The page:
Earlier this month we wrote about how New York socialite Emilia Fanjul (pictured) hired as an executive assistant and charter-school press contact one Chloe Black, who marries and otherwise travels in white supremacist circles. The story was picked up by the Post and down in Palm Beach, and boy did the shit hit the fan! Among neo-Nazis, that is. Chloe Black, you see, told the Palm Beach paper, "I... do not agree with extremist or racially prejudiced views," even though she was once vice president of the Louisiana KKK and has attended a variety of white supremacist conferences recently, including one in Alabama in June. Perhaps she was trying to appease her boss Fanjul, who according to a Post source did not know about Black's history and who, as of July 18, has not fired her. In any case, commenters in racist Web forums — like the one run by Black's current husband! — are enraged at Black's professed non-bigotry, the Southern Poverty Law Center reports. A sampling:
Alex Linder, the head of the neo-Nazi Vanguard News Network (VNN), was particularly incensed. "It's not that small a deal," wrote Linder to a defender of Chloe Black who was minimizing the importance of her comments. "It shows that at the end of the day money matters more than principle to WN [White Nationalist] leaders."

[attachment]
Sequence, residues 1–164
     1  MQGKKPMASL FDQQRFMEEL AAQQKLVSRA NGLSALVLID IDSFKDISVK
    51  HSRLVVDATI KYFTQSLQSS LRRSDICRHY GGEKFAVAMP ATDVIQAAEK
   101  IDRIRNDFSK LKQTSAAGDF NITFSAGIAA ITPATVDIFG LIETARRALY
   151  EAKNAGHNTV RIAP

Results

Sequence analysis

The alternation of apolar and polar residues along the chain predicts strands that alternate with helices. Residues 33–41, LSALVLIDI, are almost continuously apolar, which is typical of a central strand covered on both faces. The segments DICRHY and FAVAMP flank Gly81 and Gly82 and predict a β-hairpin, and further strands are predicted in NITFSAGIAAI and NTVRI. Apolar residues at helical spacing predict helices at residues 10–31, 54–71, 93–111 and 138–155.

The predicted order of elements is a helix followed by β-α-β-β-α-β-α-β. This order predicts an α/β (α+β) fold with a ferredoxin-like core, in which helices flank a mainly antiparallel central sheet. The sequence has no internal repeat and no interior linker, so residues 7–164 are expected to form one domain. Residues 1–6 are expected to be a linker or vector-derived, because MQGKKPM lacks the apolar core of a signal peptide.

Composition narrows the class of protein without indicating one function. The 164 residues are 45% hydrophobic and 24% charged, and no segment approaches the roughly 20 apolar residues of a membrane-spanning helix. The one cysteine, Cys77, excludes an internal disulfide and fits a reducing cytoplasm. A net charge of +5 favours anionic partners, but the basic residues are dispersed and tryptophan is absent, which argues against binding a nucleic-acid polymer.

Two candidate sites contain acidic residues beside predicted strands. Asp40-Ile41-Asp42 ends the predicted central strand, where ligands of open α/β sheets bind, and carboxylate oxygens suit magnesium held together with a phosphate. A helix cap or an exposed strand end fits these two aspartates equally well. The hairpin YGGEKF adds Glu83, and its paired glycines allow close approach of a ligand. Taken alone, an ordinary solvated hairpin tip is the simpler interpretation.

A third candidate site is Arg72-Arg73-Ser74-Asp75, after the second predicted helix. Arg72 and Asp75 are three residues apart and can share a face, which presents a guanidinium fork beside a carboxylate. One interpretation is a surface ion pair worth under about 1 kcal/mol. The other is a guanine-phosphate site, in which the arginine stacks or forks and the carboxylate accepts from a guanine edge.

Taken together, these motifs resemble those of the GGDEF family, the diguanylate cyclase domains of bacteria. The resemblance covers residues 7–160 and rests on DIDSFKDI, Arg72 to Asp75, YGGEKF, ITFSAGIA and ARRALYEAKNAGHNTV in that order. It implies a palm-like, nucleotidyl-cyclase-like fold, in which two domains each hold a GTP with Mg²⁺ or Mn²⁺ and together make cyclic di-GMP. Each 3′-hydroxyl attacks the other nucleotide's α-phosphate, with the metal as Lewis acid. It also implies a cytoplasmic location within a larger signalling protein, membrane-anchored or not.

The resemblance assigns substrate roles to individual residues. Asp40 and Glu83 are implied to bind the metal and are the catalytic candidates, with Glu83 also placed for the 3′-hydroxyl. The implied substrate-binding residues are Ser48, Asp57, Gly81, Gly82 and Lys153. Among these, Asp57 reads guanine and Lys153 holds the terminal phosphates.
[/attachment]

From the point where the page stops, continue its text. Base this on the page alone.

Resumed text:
...At least one prominent anti-Semite defended Black: April Gaede, mother of the teen twins who make up the neo-Nazi singing group Prussian Blue. "Very few people in White Nationalism have the ability to earn a living openly being racial," wrote Gaede. "If she can earn a living and support her family and nationalism then who cares."
However, Gaede's post was not well received. "But at the cost of helping the muds and jews? Don't be stupid," wrote "Akingu" on VNN. "That's like teaching an attack dog to attack yourself!"
The commenters are also upset at Chloe Black's husband Don for recently banning from his website Nazi symbols like the swastika and SS lighting bolts, along with the word n——r.
It's going to be so awkward for Chloe Black at the next big white separatist convention. Maybe she and her husband can make new racist friends at that charter school Fanjul is bankrolling with money from her and her Cuban American husband's sugar empire. You know, the one for the poor children of impoverished migrant workers.